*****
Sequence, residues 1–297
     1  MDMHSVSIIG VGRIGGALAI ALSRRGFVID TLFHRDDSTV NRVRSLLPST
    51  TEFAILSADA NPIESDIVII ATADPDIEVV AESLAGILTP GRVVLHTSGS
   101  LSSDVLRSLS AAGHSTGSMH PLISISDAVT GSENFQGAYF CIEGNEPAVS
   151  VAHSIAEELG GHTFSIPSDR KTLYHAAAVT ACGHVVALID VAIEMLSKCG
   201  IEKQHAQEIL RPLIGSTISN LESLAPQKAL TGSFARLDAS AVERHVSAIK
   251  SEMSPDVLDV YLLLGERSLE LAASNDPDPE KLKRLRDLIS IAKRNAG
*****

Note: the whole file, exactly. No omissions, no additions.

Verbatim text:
Sequence, residues 1–297
     1  MDMHSVSIIG VGRIGGALAI ALSRRGFVID TLFHRDDSTV NRVRSLLPST
    51  TEFAILSADA NPIESDIVII ATADPDIEVV AESLAGILTP GRVVLHTSGS
   101  LSSDVLRSLS AAGHSTGSMH PLISISDAVT GSENFQGAYF CIEGNEPAVS
   151  VAHSIAEELG GHTFSIPSDR KTLYHAAAVT ACGHVVALID VAIEMLSKCG
   201  IEKQHAQEIL RPLIGSTISN LESLAPQKAL TGSFARLDAS AVERHVSAIK
   251  SEMSPDVLDV YLLLGERSLE LAASNDPDPE KLKRLRDLIS IAKRNAG